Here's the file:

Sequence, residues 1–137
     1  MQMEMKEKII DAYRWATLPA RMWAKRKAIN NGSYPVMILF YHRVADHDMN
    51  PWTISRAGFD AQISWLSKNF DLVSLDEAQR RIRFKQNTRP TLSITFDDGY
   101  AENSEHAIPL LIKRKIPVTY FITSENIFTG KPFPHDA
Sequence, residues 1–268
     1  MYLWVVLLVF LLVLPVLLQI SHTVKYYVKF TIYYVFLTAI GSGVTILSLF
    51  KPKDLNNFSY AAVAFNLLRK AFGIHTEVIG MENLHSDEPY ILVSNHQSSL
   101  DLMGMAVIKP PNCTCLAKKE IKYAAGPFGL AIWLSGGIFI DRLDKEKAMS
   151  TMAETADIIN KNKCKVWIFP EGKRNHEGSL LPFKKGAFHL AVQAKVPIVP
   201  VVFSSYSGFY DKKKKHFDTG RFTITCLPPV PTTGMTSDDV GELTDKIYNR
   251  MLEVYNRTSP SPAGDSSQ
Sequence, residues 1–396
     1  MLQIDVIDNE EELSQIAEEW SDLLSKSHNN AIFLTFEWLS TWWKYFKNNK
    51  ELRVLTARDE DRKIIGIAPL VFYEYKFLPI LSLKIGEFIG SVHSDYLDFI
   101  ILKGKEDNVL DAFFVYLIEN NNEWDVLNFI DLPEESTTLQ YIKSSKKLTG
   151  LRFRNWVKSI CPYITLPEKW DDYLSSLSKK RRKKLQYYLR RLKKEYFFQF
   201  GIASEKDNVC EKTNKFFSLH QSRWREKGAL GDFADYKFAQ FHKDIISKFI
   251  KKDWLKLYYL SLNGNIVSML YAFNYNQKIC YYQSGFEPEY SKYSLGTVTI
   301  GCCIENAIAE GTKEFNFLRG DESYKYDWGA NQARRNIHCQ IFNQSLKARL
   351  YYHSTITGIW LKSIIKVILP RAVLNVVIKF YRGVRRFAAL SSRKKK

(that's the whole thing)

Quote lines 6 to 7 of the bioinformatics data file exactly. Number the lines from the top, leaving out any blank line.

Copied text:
     1  MYLWVVLLVF LLVLPVLLQI SHTVKYYVKF TIYYVFLTAI GSGVTILSLF
    51  KPKDLNNFSY AAVAFNLLRK AFGIHTEVIG MENLHSDEPY ILVSNHQSSL